The Great Horse Hunt is finally over for Lauren, the junior rider I've been working with since last summer. She's found her new endurance prospect, a 10 year old Arabian gelding, Majayda Lethyf (barn name pending).
We thought we'd found her the perfect horse last fall, but after being strung along by his owner for nearly 3 months, things fell through. Lauren was pretty crushed at the time, but I knew if it was meant to be, it would have happened. The way things went down was pretty poor form on the owner of that horse, in my honest opinion, but c'est la vie sometimes. So I scoured the internet once again and sent ads to Lauren's mom for horses I thought may fit the bill.
Coincidentally enough - or maybe not so coincidentally as the right things always seem to fall into place - the first horse who passed the precursors to result in an in-person visit ended up being The One. Not only did he have good ground work, he'd been with his [former] owner for 9 of his 10 years, knows how to drive, has competed in 4-H shows with kids, and has completed one 30 mile LD. He was delivered to West Virginia the following weekend.
While the first prospect had proven breeding and training for success in endurance, I worried about the ground manners we would need to instill and develop. It's one thing to know your job of moving down the trail under saddle and quite another to be a good horse on the ground. The horse Lauren has ended up with gives me no concerns whatsoever regarding his ground manners. In fact, he rivals Griffin with his groundwork and may, in fact, excel over Griffin in a few areas. (I don't say this because Griffin is some kind of unparalleled groundwork genius, but because I have met few horses who have had as much time spent working from the ground as Griffin.)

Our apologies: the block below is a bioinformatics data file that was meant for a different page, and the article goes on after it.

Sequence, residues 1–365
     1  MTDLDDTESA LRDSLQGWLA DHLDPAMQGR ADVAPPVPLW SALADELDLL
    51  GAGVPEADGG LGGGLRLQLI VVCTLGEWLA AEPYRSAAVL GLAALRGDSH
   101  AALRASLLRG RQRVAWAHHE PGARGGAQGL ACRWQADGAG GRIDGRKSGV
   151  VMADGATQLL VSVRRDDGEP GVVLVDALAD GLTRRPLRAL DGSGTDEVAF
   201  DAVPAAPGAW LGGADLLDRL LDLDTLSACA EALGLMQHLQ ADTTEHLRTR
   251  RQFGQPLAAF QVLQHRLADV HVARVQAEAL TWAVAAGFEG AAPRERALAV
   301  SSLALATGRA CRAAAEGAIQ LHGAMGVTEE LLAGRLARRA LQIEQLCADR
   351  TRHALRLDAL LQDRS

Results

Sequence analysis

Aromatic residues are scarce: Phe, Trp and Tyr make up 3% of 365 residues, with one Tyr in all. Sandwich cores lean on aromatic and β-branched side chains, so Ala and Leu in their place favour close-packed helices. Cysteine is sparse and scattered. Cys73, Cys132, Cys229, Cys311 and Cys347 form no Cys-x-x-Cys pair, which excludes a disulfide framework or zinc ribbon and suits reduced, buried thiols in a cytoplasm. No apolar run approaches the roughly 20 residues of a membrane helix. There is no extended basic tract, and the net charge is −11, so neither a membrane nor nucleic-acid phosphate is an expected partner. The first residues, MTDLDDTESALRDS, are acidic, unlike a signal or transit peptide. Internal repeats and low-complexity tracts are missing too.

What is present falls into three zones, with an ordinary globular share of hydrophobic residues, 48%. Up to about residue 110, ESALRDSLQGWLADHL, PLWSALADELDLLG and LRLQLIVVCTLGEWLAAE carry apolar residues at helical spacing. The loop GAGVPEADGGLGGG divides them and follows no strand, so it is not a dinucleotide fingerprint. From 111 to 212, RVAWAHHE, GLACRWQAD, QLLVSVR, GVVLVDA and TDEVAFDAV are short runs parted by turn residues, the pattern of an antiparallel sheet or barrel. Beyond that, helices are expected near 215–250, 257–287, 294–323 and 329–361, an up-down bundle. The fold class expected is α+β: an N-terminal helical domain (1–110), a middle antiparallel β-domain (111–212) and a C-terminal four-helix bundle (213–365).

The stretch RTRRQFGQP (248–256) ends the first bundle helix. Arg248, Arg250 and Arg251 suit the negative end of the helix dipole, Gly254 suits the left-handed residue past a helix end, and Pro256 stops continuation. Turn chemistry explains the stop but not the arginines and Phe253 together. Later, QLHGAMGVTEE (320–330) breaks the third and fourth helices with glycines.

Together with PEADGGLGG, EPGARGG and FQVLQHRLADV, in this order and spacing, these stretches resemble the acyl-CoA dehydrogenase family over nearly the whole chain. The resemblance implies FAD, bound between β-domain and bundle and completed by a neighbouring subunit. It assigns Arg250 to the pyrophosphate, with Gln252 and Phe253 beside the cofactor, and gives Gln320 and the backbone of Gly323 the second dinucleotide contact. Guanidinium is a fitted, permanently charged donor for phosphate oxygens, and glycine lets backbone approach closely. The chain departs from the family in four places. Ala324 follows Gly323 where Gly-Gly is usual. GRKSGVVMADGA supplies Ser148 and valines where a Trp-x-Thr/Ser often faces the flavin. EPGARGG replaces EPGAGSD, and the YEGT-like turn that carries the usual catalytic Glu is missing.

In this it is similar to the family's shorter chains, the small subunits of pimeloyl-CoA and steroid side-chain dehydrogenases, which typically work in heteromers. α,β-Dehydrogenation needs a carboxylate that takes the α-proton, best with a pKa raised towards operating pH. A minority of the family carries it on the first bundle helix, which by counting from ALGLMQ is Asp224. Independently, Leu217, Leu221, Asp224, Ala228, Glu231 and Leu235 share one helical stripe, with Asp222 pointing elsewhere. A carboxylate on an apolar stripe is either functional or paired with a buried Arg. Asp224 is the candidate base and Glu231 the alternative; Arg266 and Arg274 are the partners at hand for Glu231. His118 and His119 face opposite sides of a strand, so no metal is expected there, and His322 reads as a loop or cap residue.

In addition to impeccable ground manners, this little gelding has such an amazing mind. He has taken absolutely everything in stride without any major outbursts at all with regard to the work he's been asked to do.
The only time he has shown ill-behavior was a result of too much pressure being put on him for too long during a round pen session. Lauren was treating him like Stan (who needs SO MUCH pressure in the form of body language and whip cracking to keep him moving and motivated) instead of like a sensitive horse. M snaked his head in protest at her continued urging and finally kicked out in her general direction in protest. Absolutely NOT cool, but also not completely malicious as he'd given warnings and asked and asked for the pressure to be let off. I hadn't been paying full attention during the session, but once I did I recognized quickly what was happening and noted my observations to Lauren.
I shared with her that every horse communicates differently and needs more or less pressure based on their individual personality and way of going. Stan is the most docile critter ever - especially around Lauren; it's due in part to his age, his breeding, and the fact that he's had little to no work the majority of the last five years. Griffin is definitely more responsive, but will still be sticky with someone who doesn't "speak the language" as well; if he can get away with being lazy, he'll take advantage of it. Q is as sensitive or more sensitive than M, and Q has been on full rest from her suspensory injury during a large part of my time with Lauren, so Lauren hasn't had an opportunity to work with a truly sensitive horse in the round pen before.
Lauren is a lot like me in that she learns best by doing or by watching, so once I shared my observations with her and took away the lunging whip, M's behavior resolved and hasn't returned! In fact, the gelding hasn't set a foot out of line with anything we've presented him with since then.
We went out on our first trail outing this past weekend, completing an easy 6 miles over an hour and a half. The trails are at peak muddiness, two grouse flushed from under foot, numerous downed trees had to be stepped over, one branch hit M full in the face, countless puddles with ice had to be crossed, snow drifts were traversed, and one mountain was climbed. Despite all of those things, M didn't set a foot wrong the entire time. He was a total doll. He even led for a short time on the way home and in setting up to take the riding photos here, he had to walk away from Griffin - which he did with zero resistance or concern. WHAT a good horse.
I am so thrilled for Lauren to being her journey with this guy and I'm excited to guide their training for the foreseeable future. It will be so enjoyable to not only have a training buddy, but also to watch the evolution of this pair. There is so much potential in them both and I can't wait to see where they go.